- I guess "region" comes from the Chinese term "diqu" which is probably more better translated "territory", which means something like a country but politically not a country. HkCaGu (talk) 02:57, 10 August 2009 (UTC)
Foreign workers in Macau still has a large presence?
This is not updated, since late 2008 the number of foreign workers in Macau is almost non existent because of the unwise decision making of the Macau S.A.R government to combat it's fictional fear on recession and it's imagined job security for it's local population. —Preceding unsigned comment added by 22.214.171.124 (talk) 11:54, 13 September 2009 (UTC)
Romanizations in lede
'largest frequesia (population)'
Alternate location map
I added captions for the montage as per image source links on http://en.wikipedia.org/wiki/File:Macau_montage.png
The only one I'm not sure on is "St Joseph Seminary Church" - I believe this is correct, but I'm not sure if it is more commonly known by another name (Sao Jose, with appropriate accents, would be the Portugese equivalent) and hence if there is an article to link to. Some quick searches on Sao Jose/Saint Joseph threw up nothing on wiki.
"It is one of the wealthiest cities in the world"
Introduction is becoming quite cluttered, due to the transliterations. Why not create transliteration boxes and delete at least some of the simplified (this is Macau; traditional characters dominate) and pinyin from the introduction? 华钢琴49 (TALK) 22:46, 29 March 2010 (UTC)
Spelling (Macao vs. Macau)
Can someone please address the spelling of Macau vs. Macao? ISO 3166 defines the spelling as "Macao", but it seems that "Macau" has been preferred on Wikipedia (on all non-ISO 3166 related articles).
- 'Macau' is I'm pretty sure the usual spelling in English: it's the only one I remember when visiting there, although the last time was 15 years ago. The variant 'Macao' seems to be a modern alternative spelling. Both have official status according to Names of Macau but I think the former is still the common name.--JohnBlackburnewordsdeeds 17:20, 18 October 2010 (UTC)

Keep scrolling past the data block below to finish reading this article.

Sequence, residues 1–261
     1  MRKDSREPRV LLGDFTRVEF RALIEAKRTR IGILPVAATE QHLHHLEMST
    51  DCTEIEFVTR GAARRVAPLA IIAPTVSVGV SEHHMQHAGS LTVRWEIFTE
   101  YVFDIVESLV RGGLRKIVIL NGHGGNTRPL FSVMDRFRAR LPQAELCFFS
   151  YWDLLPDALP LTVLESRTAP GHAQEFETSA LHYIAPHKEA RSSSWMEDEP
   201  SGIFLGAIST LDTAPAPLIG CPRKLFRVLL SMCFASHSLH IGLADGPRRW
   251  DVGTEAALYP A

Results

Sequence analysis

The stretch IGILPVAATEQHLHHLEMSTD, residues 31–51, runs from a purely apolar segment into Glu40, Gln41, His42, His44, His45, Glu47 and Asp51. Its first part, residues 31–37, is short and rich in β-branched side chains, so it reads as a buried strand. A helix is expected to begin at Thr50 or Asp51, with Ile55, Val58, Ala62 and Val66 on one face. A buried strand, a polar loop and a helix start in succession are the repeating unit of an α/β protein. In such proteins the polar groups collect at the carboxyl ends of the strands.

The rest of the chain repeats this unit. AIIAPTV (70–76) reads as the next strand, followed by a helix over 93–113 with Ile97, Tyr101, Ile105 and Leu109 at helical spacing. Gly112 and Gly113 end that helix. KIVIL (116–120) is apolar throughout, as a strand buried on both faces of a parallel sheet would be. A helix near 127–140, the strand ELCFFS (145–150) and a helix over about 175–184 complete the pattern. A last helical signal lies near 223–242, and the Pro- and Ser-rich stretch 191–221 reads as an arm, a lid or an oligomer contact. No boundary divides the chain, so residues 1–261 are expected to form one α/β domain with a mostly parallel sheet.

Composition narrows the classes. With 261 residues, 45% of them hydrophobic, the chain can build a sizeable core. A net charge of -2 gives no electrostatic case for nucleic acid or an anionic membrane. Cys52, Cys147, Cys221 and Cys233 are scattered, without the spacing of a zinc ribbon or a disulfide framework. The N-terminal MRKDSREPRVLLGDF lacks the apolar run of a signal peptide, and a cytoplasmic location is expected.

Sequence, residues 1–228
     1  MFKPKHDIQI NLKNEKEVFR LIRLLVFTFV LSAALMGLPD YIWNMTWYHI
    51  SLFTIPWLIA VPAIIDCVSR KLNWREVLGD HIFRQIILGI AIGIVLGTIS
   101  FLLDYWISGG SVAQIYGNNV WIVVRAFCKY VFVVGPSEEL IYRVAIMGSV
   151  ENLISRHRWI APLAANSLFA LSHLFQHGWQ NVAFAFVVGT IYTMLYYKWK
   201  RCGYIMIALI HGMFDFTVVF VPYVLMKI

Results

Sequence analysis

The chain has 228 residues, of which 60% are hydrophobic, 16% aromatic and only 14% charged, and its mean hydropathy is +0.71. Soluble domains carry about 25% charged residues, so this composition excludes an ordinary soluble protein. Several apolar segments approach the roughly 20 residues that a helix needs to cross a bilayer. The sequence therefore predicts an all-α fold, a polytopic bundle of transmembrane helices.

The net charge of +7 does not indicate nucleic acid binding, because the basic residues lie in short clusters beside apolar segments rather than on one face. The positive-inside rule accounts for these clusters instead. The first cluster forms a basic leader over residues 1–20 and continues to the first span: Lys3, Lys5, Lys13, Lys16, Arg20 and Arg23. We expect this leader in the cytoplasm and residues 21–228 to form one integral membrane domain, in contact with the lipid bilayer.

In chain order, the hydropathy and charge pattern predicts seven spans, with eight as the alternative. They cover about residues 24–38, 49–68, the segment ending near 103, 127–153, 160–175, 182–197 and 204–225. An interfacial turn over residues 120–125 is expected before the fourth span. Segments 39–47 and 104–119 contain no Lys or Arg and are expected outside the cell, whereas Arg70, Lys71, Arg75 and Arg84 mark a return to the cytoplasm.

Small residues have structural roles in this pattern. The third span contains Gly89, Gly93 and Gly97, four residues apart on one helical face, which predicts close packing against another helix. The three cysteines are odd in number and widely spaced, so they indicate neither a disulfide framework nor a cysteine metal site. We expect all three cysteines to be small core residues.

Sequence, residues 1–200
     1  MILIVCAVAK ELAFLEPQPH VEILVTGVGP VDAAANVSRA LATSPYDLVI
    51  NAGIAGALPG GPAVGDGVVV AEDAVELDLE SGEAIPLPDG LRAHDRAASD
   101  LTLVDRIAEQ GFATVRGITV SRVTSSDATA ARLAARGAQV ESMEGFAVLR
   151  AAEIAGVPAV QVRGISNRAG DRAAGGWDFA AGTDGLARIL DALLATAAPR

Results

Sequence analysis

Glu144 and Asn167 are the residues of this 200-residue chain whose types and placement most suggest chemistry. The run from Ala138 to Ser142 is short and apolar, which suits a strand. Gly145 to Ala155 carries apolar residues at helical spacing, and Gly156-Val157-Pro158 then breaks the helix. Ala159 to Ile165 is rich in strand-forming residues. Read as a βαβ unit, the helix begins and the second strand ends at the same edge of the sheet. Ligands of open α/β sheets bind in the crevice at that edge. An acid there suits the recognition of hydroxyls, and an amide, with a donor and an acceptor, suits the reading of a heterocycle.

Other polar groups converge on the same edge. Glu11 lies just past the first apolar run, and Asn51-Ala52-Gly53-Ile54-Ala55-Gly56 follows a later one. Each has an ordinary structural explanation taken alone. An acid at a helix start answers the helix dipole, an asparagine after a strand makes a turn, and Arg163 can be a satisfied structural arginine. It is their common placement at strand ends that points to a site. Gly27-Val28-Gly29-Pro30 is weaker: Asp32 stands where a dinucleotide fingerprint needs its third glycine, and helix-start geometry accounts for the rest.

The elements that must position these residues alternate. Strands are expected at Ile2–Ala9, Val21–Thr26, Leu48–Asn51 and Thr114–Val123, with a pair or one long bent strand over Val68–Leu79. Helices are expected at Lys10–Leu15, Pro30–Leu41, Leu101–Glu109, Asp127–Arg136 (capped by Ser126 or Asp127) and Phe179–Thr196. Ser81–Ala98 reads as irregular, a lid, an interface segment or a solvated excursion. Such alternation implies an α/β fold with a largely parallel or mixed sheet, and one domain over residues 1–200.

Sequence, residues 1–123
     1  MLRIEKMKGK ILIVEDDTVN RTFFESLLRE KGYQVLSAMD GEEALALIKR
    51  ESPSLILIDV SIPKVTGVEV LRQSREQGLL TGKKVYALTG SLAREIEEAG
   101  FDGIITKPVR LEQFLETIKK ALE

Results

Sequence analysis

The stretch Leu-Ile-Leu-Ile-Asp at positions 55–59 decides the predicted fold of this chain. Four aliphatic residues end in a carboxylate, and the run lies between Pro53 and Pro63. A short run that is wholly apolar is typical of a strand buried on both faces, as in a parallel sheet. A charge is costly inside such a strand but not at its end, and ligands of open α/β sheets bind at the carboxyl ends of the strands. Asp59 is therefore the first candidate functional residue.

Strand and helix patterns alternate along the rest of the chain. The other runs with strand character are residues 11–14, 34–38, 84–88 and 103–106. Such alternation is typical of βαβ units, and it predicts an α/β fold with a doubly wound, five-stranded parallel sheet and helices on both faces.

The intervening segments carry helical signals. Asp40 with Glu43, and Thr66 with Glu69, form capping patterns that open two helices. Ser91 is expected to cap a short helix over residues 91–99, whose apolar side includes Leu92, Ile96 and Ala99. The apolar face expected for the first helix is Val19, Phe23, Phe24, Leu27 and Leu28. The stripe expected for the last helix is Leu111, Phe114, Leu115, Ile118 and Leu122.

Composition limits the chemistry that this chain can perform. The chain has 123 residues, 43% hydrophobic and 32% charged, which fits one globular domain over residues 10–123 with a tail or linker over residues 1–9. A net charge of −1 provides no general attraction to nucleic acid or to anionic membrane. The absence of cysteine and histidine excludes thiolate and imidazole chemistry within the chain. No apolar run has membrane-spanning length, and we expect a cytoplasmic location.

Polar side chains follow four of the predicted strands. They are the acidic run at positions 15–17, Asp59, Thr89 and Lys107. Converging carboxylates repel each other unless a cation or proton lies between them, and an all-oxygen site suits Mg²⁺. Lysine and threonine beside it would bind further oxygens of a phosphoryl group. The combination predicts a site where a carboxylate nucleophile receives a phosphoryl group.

- both Macao and Macau are found in a wide variety of English language resources. Some years back it was decided to use a consistent spelling of Macau unless it was a proper name that used Macao. SchmuckyTheCat (talk)
- Just realised this has probably come up before and yes, it's been discussed before here and here.--JohnBlackburnewordsdeeds 17:26, 18 October 2010 (UTC)
- Macao is the older Portuguese spelling, the older English spelling and the modern English spelling adopted by the Macau government. Macau is the modern Portuguese spelling and the comparatively more common spelling in contemporary English. —Preceding unsigned comment added by 126.96.36.199 (talk) 10:11, 23 October 2010 (UTC)
- Naturally, my Oxford dictionary here would suggest that Macao is the only English spelling, as it is the only entry. The entry closes with "Portugeuse name Macau." However, English Wikipedia, for whatever reason, differs from the other Wikipedias by frequently titling articles with endonyms rather than the exonyms in the language of the Wikipedia. – RVJ (talk)
Macao Exempted from the Gold Trading Rules of Bretton Woods
This is a major historical event which has been omitted from the article. There is a reference online at http://www.macaubusiness.com/news/opinion/what-price-freedom/519/
But I am not sure where to put it in the article.
Graphic representation of Macau's Chinese name is wrong
The writing in the right is wrong. The correct writing is 澳 instead of 澳 (note the stroke above 米), as evidenced by the emblem of Macau (below). Can anyone please correct it? --Jabo-er (talk) 05:08, 8 November 2011 (UTC)
- You are wrong! This additional stroke is weird! You won't find this character as unicode.--188.8.131.52 (talk) 02:33, 20 November 2012 (UTC)
- For those who can read Chinese, there is actually a site with the variants (go to the 字源字形 tab of the following page: 澳 on Zdict.net). This shows the 16-strokes graphy as being used in Mainland China and the 17-strokes graphy used in Taiwan, Hong Kong and Macau. This is even though all dictionaries list the simplified and traditional forms of this character as identical 16-atrokes character... --Pignoof (talk) 09:23, 22 November 2012 (UTC)